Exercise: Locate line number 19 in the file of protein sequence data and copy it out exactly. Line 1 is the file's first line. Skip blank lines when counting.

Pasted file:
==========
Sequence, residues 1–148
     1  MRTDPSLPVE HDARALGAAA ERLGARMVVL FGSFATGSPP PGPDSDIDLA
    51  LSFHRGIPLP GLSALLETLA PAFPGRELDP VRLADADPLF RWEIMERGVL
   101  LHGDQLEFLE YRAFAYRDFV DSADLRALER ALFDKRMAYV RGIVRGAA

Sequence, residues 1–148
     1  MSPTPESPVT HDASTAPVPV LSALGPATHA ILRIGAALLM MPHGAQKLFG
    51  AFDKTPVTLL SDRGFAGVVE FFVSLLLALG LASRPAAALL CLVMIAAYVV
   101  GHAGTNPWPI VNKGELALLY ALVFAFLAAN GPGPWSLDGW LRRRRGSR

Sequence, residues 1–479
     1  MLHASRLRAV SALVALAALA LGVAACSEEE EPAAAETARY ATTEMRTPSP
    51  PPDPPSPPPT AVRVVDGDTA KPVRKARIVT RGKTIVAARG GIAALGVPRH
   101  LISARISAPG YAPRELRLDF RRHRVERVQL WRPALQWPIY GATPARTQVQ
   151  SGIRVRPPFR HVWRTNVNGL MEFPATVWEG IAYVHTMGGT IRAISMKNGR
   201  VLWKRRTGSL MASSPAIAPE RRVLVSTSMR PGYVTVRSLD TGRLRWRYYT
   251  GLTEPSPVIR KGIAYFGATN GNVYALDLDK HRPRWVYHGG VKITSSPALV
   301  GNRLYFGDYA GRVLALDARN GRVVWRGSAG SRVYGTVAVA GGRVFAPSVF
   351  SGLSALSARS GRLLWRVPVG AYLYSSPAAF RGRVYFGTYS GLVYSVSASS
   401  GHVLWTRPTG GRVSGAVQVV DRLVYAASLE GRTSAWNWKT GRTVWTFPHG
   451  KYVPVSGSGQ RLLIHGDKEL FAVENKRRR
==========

   451  KYVPVSGSGQ RLLIHGDKEL FAVENKRRR